Book Response to Things Fall Apart

Book Response to Things Fall Apart

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Things Fall Apart includes many interesting themes. The first time I read the book I was amazed at how much I discovered about the Ibo community. Reading the story of Okonkwo and the community brought various things to light but two topics really caught my attention. First, there is an interesting balance between the strength and weakness of cultural heritage. Second, there is an interesting emphasize on wisdom. One can easily jump into conclusions about the Ibo culture but with the book’s detailed look at the importance of cultural heritage and wisdom, a different perspective is created.

Throughout the book, Achebe stresses the importance of being critical when writing about African history. Achebe requires that African writers present a truthful picture of African society. The author stresses the importance of looking at the strength as well as the weakness of the culture. This is why the author gives a balance of the two. In Things Fall Apart, Obierika, the friend of Okonkwo plays the foil to rigid traditionalism of Okonkwo. Obierika often questions various customs. For instance, he questions the law that prohibits men from climbing palm trees (Achebe, 1994). He tells Okonkwo that he doesn’t know how they got that law. He narrates how men in other clan are free to climb the tree.

Another man, Ogbuefi, who is among the oldest men in Umuofia is also seen questioning some traditions. For instance, he questions the tradition of casting into the evil forest people who die during the week of peace (Achebe, 1994). He says that this is a bad custom observed by another village. He relates the custom to a lack of understanding. There are other characters in the book who also question some traditions including the practices of excluding people suffering from the swelling disease from communal activities and negotiating over dowries.

In my view, legitimizing the Ibo cultural heritage and also delegitimizing some cultural aspects that are considered more harmful makes Achebe an outstanding novelist in Africa. The double articulation shows an honest person. The balanced view gives a different perspective when it comes to the view of Ibo culture. One would quickly think that all people in the Ibo community are rigid when it comes to the matters of traditionalism. However, reading the book proves otherwise. It shows people with an open mind and people who are ready to embrace what is good and avoid what is harmful.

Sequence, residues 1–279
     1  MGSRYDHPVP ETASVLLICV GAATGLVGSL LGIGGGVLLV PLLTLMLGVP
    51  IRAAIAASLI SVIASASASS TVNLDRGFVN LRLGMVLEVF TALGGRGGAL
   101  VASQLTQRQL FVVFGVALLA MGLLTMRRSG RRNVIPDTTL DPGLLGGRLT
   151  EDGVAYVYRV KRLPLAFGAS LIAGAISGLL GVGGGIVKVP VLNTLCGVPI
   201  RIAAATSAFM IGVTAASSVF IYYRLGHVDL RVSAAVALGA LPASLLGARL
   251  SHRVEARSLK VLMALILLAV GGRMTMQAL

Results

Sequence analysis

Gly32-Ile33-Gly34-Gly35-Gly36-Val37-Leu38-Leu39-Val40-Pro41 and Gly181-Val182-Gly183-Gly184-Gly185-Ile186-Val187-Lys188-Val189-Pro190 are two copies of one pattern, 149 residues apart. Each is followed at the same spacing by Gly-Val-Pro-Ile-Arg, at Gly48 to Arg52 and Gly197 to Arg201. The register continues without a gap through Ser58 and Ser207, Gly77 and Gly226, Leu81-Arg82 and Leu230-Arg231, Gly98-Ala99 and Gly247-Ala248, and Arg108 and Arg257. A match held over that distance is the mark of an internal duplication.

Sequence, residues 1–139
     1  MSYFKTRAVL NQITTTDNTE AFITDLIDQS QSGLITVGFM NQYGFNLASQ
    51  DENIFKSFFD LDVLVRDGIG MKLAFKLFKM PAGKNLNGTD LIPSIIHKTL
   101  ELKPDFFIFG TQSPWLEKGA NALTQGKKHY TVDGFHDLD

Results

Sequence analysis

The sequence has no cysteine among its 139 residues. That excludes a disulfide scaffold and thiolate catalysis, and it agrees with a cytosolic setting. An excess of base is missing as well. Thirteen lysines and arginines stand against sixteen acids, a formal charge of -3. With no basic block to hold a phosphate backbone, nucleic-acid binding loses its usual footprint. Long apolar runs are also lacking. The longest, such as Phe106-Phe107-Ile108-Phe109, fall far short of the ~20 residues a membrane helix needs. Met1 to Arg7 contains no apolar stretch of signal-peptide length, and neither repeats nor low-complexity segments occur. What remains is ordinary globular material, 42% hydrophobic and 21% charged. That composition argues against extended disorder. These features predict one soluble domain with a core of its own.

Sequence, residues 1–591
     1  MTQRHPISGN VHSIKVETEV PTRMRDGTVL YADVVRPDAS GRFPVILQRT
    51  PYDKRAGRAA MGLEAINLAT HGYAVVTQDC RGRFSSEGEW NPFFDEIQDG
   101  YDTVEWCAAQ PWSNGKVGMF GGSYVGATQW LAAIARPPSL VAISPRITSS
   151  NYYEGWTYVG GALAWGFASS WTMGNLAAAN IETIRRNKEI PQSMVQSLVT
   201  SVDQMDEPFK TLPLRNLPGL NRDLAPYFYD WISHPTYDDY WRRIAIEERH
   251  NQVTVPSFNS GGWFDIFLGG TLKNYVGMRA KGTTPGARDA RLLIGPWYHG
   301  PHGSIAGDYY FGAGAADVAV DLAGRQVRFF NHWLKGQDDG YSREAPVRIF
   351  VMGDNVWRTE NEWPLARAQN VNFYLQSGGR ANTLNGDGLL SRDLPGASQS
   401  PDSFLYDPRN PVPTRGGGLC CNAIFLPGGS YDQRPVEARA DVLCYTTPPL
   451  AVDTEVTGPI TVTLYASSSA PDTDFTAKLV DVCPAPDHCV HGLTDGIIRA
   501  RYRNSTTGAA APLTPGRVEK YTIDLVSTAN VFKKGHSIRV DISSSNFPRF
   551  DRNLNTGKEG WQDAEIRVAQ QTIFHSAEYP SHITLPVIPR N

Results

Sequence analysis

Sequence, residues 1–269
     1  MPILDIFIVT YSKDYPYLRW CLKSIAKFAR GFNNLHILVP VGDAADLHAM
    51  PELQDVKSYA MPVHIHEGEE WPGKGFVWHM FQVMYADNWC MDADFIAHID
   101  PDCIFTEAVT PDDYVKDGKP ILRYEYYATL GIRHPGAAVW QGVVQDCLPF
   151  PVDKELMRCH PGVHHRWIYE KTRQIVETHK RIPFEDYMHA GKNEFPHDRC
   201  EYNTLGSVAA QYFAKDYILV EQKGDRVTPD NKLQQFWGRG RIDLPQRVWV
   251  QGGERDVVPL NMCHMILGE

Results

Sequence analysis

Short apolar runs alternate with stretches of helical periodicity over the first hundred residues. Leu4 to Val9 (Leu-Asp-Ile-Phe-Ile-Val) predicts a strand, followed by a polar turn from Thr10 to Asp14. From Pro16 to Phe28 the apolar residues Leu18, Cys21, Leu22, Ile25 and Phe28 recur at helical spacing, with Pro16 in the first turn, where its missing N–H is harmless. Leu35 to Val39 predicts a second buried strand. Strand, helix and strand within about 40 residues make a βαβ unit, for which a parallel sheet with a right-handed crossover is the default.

Second, in Things Fall Apart, Achebe emphasizes the need for wisdom. The work is characterized by flexibility and openness. I say wisdom because, qualities such as extremism, impatience, and rigidity rejects wisdom. Okonkwo really values these qualities. But Achebe doesn’t emphasize these qualities. Instead, the author advocates for suppleness, flexibility, and open-mindedness. For instance, many characters are able to survive the arrival of the culture of white people because of being flexible and open-minded (Achebe, 1994). They are able to move beyond their culture and adjust to new possibilities. These characters demonstrate the author’s wisdom voice.

Achebe acknowledges the need to protect cultural heritage. This is why he discourages throwing of one’s identity in favor of an alien’s identity. This is especially worse when the aliens practice exploitation and colonialism. However, the author acknowledges that as the world continues to change, customs will also change and the best way to deal with these changes is avoiding rigid adherence to culture. The author calls for wisdom for the people of Ibo village to be able to deal with the changing time.

Before reading the book, one would be quick to judge the Ibo people on matters of embracing other cultures. One would think that mostly the Ibo people prefer rigid traditionalism. However, after reading the book, a new perspective is created. The call to the use of wisdom enables these people to adapt to the changing world in a beneficial way. This is why I think Obierika would be a better spokesperson for Achebe. The author’s love for country or nationalism is best represented by a person with humane character, a person with the spirit of generosity and with a great heart like Obierika (Achebe, 1994). Otherwise having Okonkwo whose character is characterized by fanaticism, and violence is contrary to the author’s stand.

It is easy to jump into conclusions about the Ibo people and how they value their culture. One would think that the Ibo people rigidly hold on to their cultural heritage. However, a detailed look at the reactions and characters of these people by Achebe brings in a different perspective about the issue.


Achebe, C. (1994). Things Fall Apart. Penguin Books.

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